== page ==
Paese (country) –> Regione (regions) –> Provincia (provinces) –> Comune (municipality)
In this post, we will discuss the types of Italian records that can be found at the Comune level of government. I also give detailed instructions on how you can find the address information for the Ufficio di Stato Civile of your ancestor’s Comune.
What Is Kept at the Comune?
Here at the Comune level, you will find pretty much all of your ancestors’ birth, marriage, death, and stato di famiglia records. Yay!
Estratto dell’Atto di Nascita (Birth Certificate) This record gives information about your ancestor’s birth. On the record, you will find the names of your ancestor’s mother and father, and the place and date of your ancestor’s birth. For our jure sanguinis application, we need the estratto (NOT the certificato) of the birth record.
Estratto dell’Atto di Matrimonio (Marriage Certificate) On the marriage certificate, you will find the general information regarding your ancestors’ marriage. Information you may find on this record are the date and place of marriage. Like the birth record, for our jure sanguinis application, we need the estratto (NOT the certificato) of the marriage record. Helpful hint: usually (but not always!) couples were married in the bride’s hometown.
Estratto dell’Atto di Morte (Death Certificate) If your ancestor emigrated to the United States, it is likely that he/she did not die in Italy. I thought this certificate was worth mentioning, however, in the case that your ancestor did in fact die in Italy after emigrating to the US. This certificate will show you the name of your ancestor, and the place and date of your ancestor’s death. Again, the estratto is needed.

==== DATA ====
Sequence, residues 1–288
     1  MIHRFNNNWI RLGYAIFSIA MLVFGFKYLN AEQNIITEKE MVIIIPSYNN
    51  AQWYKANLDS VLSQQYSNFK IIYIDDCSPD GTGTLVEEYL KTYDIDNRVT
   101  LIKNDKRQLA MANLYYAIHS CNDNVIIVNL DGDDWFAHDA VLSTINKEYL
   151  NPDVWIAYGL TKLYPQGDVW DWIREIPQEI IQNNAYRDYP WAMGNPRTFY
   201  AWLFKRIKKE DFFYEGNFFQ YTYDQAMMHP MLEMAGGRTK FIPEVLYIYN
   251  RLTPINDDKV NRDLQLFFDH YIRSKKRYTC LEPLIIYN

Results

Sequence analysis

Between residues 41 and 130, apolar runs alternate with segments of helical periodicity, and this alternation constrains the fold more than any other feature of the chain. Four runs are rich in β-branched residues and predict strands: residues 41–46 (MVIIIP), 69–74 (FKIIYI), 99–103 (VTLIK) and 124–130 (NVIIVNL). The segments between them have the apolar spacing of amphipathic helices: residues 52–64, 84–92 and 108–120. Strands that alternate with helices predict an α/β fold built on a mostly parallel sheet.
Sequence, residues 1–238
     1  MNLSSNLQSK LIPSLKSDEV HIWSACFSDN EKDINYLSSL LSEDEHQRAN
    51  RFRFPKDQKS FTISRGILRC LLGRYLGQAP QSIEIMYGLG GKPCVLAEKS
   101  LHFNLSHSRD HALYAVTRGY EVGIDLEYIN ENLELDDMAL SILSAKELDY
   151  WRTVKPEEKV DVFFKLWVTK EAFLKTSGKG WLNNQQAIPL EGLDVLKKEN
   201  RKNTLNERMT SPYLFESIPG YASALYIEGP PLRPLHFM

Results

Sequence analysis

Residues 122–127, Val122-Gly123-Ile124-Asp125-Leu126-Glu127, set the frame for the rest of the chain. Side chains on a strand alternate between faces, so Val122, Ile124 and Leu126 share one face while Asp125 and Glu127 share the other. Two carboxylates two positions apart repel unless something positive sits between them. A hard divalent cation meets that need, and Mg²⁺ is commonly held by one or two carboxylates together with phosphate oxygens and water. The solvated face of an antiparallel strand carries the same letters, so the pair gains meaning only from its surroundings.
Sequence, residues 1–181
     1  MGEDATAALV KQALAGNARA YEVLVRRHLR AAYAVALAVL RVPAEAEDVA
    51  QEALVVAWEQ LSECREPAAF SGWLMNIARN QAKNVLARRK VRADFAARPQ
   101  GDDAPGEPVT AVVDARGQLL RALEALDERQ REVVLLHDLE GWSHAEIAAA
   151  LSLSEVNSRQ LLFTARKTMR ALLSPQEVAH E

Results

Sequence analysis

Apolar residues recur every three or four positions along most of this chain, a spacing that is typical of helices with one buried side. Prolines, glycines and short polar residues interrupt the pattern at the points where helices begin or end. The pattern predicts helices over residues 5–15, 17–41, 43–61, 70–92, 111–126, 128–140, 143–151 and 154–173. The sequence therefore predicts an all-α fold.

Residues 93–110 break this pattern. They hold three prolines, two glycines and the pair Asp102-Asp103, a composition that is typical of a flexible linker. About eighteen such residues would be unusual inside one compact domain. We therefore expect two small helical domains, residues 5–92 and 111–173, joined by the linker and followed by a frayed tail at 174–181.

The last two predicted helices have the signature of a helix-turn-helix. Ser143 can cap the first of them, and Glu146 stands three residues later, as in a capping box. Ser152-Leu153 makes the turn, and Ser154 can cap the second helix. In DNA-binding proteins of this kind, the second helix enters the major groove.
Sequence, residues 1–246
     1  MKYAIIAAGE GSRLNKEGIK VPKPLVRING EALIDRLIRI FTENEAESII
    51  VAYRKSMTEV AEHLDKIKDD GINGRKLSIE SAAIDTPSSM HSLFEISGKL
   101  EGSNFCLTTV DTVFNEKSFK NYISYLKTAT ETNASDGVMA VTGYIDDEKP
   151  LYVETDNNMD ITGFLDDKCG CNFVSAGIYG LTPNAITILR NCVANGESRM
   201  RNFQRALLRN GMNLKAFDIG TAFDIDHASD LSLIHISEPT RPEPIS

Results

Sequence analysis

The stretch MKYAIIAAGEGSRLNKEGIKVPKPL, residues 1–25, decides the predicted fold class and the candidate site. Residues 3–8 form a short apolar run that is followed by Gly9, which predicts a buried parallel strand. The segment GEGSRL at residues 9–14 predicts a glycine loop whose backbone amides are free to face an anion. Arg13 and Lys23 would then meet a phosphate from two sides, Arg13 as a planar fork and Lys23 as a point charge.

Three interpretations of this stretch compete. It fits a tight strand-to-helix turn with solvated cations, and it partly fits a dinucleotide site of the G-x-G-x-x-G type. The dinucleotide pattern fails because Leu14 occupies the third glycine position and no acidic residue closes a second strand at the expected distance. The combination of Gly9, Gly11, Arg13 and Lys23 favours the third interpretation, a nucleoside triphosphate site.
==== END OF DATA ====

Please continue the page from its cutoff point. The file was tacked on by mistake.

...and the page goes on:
State of the Family (Stato di Famiglia) This document is unique to Italy. Starting in 1911, all Comuni began keeping this record, which is a list of vital records data of all members in a family tree. If you know the Comune where your family is from, then you can request this document from the Stato Civile of your family’s Comune. If you need records of ancestors prior to 1911, you will probably need to pay-per-ancestor to reconstruct their record. The fee depends on the Comune.
So, that’s great. All we need is in one place! The only problem is… how do we figure out the address of the Comune?
Addresses You Will Need
For the most part, it seems like people go to discussion forums to figure out the address of the Comune where their ancestors’ records are kept.
My friends, there is an easier way.
There’s a fantastic resource online to obtain addresses of Comuni: www.Comuni-italiani.it This website is in Italian, but do not fret – it’s pretty easy to navigate if you’re in the know.
The main page of the website lists regions (Lista per Regione) at the top, and provinces (Lista per Provincia) at the bottom.
In the list of provinces, find the province you would like to investigate, and click on it. You will then come to a page that looks like this:
On the right side of the screen, under “Utili Link”, you will find a link titled “Indirizzi Municipi.” This is where you will find the addresses of the municipalities, ie: the Comuni.
Click on that link, and you will be directed to a list of the addresses of all Comuni within that province! It will look like this:
Now, just scroll through this list of Comuni – which is alphabetized – and find the one you need.
Most of the time, the offices of vital records for a Comune have the same address as the general municipality address. The vital records office at the Comune level is called the “Ufficio di Stato Civile.” So, if you are writing to the Comune di Altopascio for records, I would address your letter thusly:
Ufficio di Stato Civile
Comune di Altopascio
Piazza Vittorio Emanuele, 24
55011 Altopascio (LU)
Easy peasy! Make sure you always specify the country (Italia) where the letter is going. In this address example, the (LU) stands for Lucca. All provinces in Italy have an abbreviation. It is helpful but not necessary to include this abbreviation in the address.
If you need a refresher on the materials and information you need to request records from a Comune, let’s re-read DIY Requesting Records from Italy. Otherwise, it’s time to mail in your request. Remember to do periodic follow-ups if you have not received your record in a month or less. It can certainly take a while to receive your records. Expect anywhere from one to four months.